Walking to Stumptown for coffee this morning, I wondered what emotions people could have carried over from Obama’s victory. Last night, my usually shy husband ran down Pike St. screaming and hi-fiving every car we passed. I danced in a drum circle, which I haven’t done since I went through a hippie phase the summer after my freshman year of college.

Later in the morning, I stopped by the newsstand at Pike Place market to buy a copy of the P-I with Obama on the front under the headline, “Change Has Come to America”. A TV reporter from the CBC was there, and he asked me how I felt about our President-elect. I talked about how last night I marched in a make-shift parade with hundreds of people from Capitol Hill to where we were standing in the middle of downtown. I told him about the drumming and dancing. “It was electrifying,” I said. Then he asked what was electrifying about it, and my mind went blank. All I could think of was something Tom Brokaw said on the Today Show this morning about how what counts now is the follow-through. I told the reporter something generic about how we needed to roll up our sleeves and get ready to work hard to make the country better.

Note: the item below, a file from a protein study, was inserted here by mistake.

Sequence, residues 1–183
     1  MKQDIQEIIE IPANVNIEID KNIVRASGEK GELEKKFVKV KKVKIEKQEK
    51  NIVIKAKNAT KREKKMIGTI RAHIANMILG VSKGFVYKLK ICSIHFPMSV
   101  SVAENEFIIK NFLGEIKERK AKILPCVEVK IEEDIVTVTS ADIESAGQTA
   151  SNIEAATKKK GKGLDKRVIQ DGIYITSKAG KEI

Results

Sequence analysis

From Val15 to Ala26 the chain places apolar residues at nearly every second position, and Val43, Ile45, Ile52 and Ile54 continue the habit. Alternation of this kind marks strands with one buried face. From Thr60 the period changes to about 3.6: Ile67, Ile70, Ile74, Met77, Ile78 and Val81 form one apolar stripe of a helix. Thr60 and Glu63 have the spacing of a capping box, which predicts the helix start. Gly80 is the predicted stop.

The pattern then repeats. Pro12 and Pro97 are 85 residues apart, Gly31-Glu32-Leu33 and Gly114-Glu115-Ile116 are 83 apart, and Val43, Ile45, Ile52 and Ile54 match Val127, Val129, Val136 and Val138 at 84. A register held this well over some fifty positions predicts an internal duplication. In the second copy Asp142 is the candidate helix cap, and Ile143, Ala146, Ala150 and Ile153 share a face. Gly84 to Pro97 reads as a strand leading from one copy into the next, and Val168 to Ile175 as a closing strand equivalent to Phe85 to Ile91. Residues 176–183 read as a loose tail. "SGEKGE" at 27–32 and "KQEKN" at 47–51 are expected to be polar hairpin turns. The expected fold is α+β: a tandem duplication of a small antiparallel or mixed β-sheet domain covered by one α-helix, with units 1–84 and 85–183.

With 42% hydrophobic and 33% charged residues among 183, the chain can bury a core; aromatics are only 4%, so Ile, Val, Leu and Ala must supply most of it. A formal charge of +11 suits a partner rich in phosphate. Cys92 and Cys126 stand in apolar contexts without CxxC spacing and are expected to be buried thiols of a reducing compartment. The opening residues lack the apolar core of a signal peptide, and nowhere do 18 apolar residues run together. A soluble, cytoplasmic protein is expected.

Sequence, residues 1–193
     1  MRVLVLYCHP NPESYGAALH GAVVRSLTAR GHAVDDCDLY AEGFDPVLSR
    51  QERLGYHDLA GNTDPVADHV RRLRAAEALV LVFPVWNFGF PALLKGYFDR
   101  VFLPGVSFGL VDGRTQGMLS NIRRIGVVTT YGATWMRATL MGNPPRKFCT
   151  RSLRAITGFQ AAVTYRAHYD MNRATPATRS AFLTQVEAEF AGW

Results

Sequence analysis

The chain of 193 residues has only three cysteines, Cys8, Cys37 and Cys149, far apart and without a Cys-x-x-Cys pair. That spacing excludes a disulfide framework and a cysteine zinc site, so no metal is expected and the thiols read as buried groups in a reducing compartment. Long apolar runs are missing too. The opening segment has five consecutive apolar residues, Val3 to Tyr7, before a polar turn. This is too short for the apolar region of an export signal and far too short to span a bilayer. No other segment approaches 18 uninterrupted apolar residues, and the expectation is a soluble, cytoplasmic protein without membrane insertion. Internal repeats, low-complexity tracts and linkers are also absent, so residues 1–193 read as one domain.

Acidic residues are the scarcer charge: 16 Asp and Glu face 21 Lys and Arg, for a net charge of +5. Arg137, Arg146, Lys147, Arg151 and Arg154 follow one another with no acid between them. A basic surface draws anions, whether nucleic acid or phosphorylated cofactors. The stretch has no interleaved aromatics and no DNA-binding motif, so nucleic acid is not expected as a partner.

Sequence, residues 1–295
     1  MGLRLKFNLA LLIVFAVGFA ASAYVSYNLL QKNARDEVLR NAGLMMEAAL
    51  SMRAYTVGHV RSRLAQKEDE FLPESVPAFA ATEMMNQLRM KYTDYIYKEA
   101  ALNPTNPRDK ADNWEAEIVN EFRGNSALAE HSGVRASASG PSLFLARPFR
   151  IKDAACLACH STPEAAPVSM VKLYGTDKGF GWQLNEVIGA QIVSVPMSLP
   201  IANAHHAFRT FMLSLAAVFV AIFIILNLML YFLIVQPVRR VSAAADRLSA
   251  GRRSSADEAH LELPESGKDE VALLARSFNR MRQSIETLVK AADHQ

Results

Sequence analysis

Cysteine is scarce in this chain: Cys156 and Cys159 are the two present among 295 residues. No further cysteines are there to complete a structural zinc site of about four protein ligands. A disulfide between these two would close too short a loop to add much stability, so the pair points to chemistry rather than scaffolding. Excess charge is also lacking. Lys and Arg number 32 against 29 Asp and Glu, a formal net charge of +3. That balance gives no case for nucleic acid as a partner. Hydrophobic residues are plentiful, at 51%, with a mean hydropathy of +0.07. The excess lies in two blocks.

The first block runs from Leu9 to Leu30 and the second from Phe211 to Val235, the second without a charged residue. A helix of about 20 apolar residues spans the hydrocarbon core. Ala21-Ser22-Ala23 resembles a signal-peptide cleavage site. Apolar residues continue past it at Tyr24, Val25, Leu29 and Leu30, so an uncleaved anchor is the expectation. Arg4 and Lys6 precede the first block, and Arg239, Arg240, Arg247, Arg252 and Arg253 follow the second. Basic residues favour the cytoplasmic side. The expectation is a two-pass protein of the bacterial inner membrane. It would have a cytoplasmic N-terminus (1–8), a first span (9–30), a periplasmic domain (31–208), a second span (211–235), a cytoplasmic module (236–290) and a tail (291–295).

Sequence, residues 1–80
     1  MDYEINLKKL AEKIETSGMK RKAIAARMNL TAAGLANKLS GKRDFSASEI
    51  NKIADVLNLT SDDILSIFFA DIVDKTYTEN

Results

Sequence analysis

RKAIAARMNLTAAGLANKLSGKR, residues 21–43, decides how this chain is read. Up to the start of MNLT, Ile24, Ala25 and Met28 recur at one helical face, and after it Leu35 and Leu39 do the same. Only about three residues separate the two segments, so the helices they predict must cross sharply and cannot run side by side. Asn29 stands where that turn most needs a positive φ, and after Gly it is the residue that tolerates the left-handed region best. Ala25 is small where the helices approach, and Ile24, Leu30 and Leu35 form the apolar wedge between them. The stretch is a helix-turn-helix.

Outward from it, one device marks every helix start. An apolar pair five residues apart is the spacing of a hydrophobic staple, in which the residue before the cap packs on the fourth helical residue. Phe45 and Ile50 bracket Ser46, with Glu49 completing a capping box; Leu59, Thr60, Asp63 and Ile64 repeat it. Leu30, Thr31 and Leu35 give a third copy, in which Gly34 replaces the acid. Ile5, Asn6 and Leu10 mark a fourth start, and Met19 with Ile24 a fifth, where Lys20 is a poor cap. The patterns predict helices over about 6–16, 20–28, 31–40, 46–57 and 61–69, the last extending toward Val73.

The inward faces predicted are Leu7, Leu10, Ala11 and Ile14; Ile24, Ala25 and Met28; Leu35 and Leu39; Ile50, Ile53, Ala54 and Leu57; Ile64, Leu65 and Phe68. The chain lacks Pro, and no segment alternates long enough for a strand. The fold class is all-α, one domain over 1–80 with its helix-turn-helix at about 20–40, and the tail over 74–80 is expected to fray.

But as much as the dreamy part of my head wanted to find some sort of instant transformation today, everyone walking to work this morning was acting normally reserved. And so was I, wearing the same jacket I always do, same converse, same face. I was this strange mix of blue blood in a purple heart, just as easily a unifier as a bruiser.